Adam M. Kemezis, ed. Urban Dreams and Realities in Antiquity: Remains and Representations of the Ancient City. Leiden: Brill, 2015.
What is an ancient city? This is the deceptively simple query that runs through the diverse set of essays collected in the volume Urban Dreams and Realities in Antiquity: Remains and Representations of the Ancient City, edited by Adam Kemezis. The nineteen contributions—from scholars of classics, archaeology, religious studies, and anthropology—are organized into four sections, with the first pair addressing “space” and the second “identity.” The volume’s structure mirrors its theme, as the groupings themselves reflect qualities of a city—cohesive and planned, yet organic and sprawling.
Part 1, “Remains on the Ground,” constitutes the longest and most eclectic section of the volume, though the essays share an archaeological focus. Matthew Maher’s assessment of the involvement of certain fortified cities in the larger defensive strategy of the Arkadian League (formed in the fourth-century BCE in the wake of Sparta’s defeat at Leuktra), demonstrates the value of attending to broader geo-political networks in archaeological inquiries. In a concise and similarly-focused essay, Fabio Colivicchi combines insights from studies of urban planning and sacred topography to investigate an underground chamber and its associated complex in the Etruscan city of Caere and argue for the structure’s function as a civic focal point with both practical and sacred significance. Offering slightly more open-ended observations, LuAnn Wandsnider draws on “signaling theory” in her analysis of monumental civic architecture in the Hellenistic and Roman-era Asia Minor. Approaching citizens and structures as mutual entities in the sphere of intra- and inter-city communication and influence, she locates the monuments within dynamics of alliance and competition.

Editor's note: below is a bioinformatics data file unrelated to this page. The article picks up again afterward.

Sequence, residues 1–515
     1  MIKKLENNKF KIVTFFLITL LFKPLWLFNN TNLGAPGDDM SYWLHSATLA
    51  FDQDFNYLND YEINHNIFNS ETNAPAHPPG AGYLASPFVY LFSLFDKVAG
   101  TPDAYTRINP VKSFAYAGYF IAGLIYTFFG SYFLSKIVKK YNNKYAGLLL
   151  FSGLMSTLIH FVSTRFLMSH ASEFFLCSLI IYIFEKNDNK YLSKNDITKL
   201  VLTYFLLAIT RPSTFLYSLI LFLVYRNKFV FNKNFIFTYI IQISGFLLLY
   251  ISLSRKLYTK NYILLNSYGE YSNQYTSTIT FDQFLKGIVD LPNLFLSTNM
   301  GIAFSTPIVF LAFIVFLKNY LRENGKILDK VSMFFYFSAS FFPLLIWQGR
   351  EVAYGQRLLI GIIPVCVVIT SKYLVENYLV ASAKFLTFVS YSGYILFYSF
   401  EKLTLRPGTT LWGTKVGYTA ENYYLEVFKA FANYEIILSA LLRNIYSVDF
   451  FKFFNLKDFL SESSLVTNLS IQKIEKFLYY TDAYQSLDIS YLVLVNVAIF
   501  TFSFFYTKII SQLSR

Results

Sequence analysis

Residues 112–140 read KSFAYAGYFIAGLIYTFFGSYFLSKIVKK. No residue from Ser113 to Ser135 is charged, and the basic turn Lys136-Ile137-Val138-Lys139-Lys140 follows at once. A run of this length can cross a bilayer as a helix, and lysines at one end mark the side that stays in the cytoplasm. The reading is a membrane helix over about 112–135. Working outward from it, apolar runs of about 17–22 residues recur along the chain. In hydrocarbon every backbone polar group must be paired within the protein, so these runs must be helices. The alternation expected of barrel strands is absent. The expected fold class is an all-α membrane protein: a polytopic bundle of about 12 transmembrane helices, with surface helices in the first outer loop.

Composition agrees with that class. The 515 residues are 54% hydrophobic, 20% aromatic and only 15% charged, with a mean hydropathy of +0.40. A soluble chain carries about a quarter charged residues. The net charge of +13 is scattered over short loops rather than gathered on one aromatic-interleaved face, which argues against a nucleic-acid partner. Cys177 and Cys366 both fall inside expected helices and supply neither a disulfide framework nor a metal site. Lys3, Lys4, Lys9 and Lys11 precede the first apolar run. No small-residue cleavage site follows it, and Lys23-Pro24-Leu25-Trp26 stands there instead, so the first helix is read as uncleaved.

The second set of essays in Part 1 all interrogate underutilized artefactual evidence in order to consider how ancient peoples lived in and thought about cities. Tanya Henderson’s essay serves as a compelling case study for using epigraphic and other material evidence as a means for reconstructing ancient perceptions and navigations of civic spaces. Here, she approaches the small collection of eituns inscriptions from Oscan (pre-Roman) Pompeii, identified as instructions for the urban militia regarding the relative locations of assembly points, as indicative of how the city’s inhabitants “defined, communicated routes through, perceived, and interacted with their urban landscape” to construct a material and conceptual cityscape of the Pompeii in the early 1st century CE (100). Next, Aloka Parasher-Sen raises incisive questions about what constitutes a city by looking at the site of Kondapur on the central plateau of India. In analyzing the site’s specific characteristics as well as its broader locational context, she critiques the privileging of certain types of data, and attends to the ways in which such impulses can distort the (admittedly perplexing and/or inconsistent) “realities” of the remains themselves. Steven Hijmans too seeks to complicate established approaches to material evidence by focusing on the issue of “unviewable imagery” of the Roman landscape, such as “inscriptions that cannot really be read, detailed friezes too long and too small for viewing, and columns and arches bereft of any architectural function, adorned with vast number of highly detailed images that nobody could see” (154). Arguing for a more nuanced understanding of the ontological status of such features as Trajan’s Column and Augustus’ Res Gestae stelae, Hijmans suggests that Romans tended to perceive images as embodiments of that which they depicted, with, for example, Trajan’s Column not merely representing or narrating the events of the Dacian victories, but rather “making present” the distant war in both a temporal and spatial sense.